Endonasal phototherapy has an immunosuppressive effect by inhibiting allergen-induced histamine released from mast cells. It also induces apoptosis in the T-lymphocytes and eosinophils. The procedure directs a combination of UV-B, UV-A, and visible light into the nasal cavity. Endonasal phototherapy is generally well-tolerated and effective, and is a treatment option when pharmacological treatment is insufficient or contraindicated.

Surgical intervention

It is considered that AR is a medical condition that requires medical intervention. However, if symptoms are unilateral or if there is a septal deviation, nasal polyps, or tumour present, surgery should be considered. Patients will still need to have an AR plan in place post-surgical intervention.

Lifestyle intervention

  • Keep windows closed at night-time or when the pollen count is high.
  • Apply Vaseline around the nostrils when outdoors to trap pollen.
  • Wear wraparound sunglasses to minimise levels of pollen irritating the eyes. Splash the eyes with cold water to help flush out pollen and soothe and cool the eyes.
  • Shower, wash your hair, and change clothes if you have been outdoors for an extended time.
  • Exercise in the morning rather than the evening when there are higher rates of pollen falling.
  • Avoid drying clothes outdoors and shake clothes outside before bringing them inside – particularly bedclothes.
  • Minimise contact with pets that have been outdoors and are likely to carry pollen.
  • Put an asthma action plan in place. An asthma action plan contains all the information a person with asthma needs to keep their condition in control. Every person with asthma should be offered a plan. It should be reviewed frequently, and any time medication is changed. These can be downloaded from and should be filled out with the patient’s healthcare professional.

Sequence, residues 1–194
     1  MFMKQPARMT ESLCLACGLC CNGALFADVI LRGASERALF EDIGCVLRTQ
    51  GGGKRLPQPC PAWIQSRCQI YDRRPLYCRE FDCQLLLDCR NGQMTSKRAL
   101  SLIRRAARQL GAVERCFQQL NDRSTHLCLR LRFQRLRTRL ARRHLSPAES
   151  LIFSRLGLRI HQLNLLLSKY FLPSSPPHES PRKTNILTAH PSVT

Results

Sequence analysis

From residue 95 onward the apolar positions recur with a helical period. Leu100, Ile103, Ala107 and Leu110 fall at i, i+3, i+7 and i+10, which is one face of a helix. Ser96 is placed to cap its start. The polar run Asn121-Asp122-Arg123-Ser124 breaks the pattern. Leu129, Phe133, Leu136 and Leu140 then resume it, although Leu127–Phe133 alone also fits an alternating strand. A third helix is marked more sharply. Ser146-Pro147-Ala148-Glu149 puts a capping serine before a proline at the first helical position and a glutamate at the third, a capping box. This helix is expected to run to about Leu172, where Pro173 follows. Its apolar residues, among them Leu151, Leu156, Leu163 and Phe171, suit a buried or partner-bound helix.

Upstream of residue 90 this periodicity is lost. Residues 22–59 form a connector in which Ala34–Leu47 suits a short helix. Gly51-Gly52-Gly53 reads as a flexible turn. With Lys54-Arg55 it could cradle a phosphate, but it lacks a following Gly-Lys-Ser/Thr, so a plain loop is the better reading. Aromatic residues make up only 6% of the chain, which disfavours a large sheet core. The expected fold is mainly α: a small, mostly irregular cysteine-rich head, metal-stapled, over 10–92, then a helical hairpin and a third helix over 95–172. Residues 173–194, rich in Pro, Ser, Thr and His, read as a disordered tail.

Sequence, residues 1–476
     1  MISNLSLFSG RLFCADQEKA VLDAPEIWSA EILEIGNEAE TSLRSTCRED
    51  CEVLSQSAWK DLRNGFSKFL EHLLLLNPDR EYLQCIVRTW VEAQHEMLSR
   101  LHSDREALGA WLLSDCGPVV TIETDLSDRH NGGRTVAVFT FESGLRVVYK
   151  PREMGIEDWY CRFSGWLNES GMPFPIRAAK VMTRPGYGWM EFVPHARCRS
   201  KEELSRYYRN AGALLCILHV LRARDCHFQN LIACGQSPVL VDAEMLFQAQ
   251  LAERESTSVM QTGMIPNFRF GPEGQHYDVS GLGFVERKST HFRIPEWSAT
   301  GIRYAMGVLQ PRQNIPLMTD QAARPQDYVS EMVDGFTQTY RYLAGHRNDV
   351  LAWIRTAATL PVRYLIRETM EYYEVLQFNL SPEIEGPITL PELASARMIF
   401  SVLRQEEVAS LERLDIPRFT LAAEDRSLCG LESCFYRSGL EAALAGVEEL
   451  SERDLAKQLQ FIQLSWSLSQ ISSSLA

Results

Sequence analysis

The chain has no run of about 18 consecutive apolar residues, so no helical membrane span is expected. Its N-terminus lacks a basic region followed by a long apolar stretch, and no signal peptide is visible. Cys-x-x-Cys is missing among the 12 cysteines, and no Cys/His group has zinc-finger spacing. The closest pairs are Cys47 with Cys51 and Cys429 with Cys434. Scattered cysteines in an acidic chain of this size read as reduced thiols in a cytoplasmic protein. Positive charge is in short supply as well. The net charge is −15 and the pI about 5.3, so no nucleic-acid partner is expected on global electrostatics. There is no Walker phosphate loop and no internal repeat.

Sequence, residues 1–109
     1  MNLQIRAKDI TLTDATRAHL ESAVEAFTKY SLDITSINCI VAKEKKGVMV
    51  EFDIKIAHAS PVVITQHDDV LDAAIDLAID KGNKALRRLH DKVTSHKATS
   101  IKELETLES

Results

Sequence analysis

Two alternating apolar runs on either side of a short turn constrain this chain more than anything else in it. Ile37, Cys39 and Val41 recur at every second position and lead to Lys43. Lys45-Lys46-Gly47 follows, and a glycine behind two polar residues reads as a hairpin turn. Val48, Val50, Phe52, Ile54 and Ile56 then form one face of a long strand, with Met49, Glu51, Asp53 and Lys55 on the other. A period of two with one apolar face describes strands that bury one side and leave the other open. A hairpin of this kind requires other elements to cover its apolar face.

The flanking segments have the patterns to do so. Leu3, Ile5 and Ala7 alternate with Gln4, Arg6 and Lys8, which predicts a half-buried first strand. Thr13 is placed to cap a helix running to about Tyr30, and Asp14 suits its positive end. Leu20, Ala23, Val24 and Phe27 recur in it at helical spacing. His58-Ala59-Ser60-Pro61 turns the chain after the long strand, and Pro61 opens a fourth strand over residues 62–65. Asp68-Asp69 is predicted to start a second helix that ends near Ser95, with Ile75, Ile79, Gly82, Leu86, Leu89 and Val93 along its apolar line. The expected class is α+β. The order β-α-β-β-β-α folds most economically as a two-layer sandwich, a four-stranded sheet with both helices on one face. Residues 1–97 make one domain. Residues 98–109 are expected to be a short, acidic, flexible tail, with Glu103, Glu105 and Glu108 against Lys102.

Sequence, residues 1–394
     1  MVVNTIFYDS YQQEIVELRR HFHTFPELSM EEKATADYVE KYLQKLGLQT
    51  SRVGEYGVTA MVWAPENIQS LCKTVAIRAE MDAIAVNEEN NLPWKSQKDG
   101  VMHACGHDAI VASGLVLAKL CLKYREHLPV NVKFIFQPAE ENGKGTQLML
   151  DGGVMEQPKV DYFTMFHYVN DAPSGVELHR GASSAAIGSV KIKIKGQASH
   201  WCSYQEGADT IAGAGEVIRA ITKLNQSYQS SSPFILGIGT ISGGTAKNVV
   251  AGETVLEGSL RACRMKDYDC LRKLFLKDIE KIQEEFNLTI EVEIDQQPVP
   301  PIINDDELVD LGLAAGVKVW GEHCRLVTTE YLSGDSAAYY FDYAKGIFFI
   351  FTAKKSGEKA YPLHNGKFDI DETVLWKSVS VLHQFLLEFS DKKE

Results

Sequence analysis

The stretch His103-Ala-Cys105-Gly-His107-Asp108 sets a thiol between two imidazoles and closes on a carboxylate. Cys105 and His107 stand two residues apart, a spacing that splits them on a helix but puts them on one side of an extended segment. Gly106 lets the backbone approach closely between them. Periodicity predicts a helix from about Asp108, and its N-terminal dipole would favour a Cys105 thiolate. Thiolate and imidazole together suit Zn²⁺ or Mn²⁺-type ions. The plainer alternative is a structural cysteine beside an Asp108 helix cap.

Exam time

Walker et al (2007)5 showed that AR can have a significant impact on exam performance and results, with students dropping a grade in the State exams compared with their mock exams. Students should be advised to have their AR assessed and treatment started well in advance of sitting exams, usually around Easter time. Some other useful tips during exam time include:

  • Use non-sedating antihistamines;
  • Students should tell the adjudicator if their seasonal AR is bothering them;
  • Splash the eyes with cold water before going into the exam room;
  • Try not to sit near an open window;
  • Keep a supply of tissues and effective, quick-acting treatments close at hand, just in case.

Special considerations in AR Children under four years

Figure 3 illustrates the typical age of onset of allergies in children. Outdoor allergens are unusual in children under two years of age. Type 2 sub-endotype IL4/IL-13 is associated with AR in children. IL-5 is associated with asthma.

Figure 3: The allergic march in children